Implantation of an endoluminal sleeve device in the duodenum and proximal jejunum mimics many of the effects of RYGB. In SD rats with diet-induced obesity, ELS implantation causes modest weight loss and substantially improves glucose homeostasis. Presence of this device in the proximal intestine also prevents the development of diet-induced obesity in otherwise susceptible animals. Despite creating a barrier between ingested nutrients and the duodenal mucosa, the ELS does not cause significant malabsorption. Rather, the observed weight loss results primarily from reduced calorie intake. In addition, ELS implantation appears to improve glucose homeostasis by multiple mechanisms. Both fasting blood glucose and insulin levels decrease after this procedure, which is reflected in a 55% decrease in HOMA-IR and is consistent with significant improvement of basal peripheral insulin resistance. Since hepatic glucose output is the major determinant of the fasting glucose level, these data suggest that ELS implantation leads to decreased hepatic glucose output, likely as a result of improved insulin signaling in hepatocytes. Improved oral glucose tolerance with a concurrent decrease in glucose-stimulated insulin levels further underscores an overall improvement in peripheral insulin sensitivity. The similar effect of ELS implantation on IP glucose tolerance suggests a global improvement in glucose homeostasis that is independent of post-prandial signals generated by endoluminal nutrient passage and also consistent with overall improvement of insulin sensitivity. The improvement in glucose tolerance suggests that ELS implantation also enhances glucose disposal. We observed no effect of the device on insulin tolerance, which is predominantly a marker of insulin-stimulated glucose disposal in muscle and adipose tissue. However, insulin tolerance testing is a relatively insensitive measure of peripheral insulin sensitivity, so these data are consistent with a modest effect of the device on glucose disposal in these tissues.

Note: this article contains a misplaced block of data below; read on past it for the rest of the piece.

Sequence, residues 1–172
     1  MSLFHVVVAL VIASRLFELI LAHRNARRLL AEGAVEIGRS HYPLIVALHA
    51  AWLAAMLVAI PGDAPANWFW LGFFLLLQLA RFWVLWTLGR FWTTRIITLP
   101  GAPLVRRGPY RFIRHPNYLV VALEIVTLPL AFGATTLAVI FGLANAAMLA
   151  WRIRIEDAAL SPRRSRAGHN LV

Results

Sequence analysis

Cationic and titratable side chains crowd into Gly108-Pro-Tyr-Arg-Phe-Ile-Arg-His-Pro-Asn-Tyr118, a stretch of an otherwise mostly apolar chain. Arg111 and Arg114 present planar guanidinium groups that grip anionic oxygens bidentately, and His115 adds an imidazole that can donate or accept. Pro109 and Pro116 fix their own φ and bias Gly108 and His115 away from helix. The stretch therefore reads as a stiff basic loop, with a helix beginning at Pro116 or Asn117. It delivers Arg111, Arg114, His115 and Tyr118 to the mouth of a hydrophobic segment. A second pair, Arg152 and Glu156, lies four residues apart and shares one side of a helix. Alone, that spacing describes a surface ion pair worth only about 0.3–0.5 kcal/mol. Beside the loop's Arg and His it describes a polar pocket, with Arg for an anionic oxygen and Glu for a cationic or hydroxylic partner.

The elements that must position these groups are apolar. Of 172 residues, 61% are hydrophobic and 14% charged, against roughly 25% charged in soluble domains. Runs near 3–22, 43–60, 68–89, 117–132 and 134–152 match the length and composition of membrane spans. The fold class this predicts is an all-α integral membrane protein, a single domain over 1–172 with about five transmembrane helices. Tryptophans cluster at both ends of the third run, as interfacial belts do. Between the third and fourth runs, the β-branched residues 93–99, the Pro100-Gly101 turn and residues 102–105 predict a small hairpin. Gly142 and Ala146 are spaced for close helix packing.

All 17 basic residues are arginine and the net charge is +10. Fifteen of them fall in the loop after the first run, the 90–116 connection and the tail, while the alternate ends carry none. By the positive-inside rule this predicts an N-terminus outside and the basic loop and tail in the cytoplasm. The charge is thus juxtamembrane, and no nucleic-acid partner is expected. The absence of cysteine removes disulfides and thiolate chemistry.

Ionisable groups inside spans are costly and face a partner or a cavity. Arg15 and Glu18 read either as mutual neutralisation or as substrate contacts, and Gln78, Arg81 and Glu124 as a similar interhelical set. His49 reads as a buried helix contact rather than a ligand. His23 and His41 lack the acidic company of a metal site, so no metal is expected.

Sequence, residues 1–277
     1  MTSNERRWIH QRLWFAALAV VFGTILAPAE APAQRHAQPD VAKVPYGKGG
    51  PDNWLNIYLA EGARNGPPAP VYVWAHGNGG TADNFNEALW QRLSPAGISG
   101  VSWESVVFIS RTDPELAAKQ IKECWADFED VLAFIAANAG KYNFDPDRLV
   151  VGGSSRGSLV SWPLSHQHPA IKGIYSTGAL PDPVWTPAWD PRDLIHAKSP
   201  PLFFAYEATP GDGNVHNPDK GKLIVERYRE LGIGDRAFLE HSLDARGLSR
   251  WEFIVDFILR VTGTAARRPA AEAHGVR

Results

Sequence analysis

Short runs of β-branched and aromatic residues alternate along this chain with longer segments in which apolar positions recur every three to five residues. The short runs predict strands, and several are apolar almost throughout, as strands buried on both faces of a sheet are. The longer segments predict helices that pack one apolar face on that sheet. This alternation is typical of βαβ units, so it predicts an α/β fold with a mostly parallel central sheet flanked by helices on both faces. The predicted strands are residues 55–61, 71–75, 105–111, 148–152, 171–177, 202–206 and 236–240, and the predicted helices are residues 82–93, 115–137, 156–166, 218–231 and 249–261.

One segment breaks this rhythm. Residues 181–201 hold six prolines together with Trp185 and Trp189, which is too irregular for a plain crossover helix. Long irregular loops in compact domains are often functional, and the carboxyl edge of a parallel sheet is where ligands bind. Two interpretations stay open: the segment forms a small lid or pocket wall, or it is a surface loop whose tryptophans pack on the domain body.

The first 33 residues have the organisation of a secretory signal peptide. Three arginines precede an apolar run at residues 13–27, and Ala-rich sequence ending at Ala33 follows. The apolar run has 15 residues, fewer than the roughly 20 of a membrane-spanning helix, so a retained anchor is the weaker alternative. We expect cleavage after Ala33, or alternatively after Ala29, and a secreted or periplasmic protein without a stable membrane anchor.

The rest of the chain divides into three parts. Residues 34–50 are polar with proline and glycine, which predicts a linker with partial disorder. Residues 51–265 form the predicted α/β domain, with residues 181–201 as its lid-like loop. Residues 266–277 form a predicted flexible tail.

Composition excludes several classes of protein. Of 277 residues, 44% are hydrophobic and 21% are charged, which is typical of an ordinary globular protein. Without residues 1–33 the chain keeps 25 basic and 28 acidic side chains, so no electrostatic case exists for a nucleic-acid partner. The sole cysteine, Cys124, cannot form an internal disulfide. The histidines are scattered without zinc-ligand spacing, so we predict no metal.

Although the ELS induces only about two-thirds as much weight loss as RYGB in the same strain of rats, the effect on glucose homeostasis is similar to that observed after RYGB (9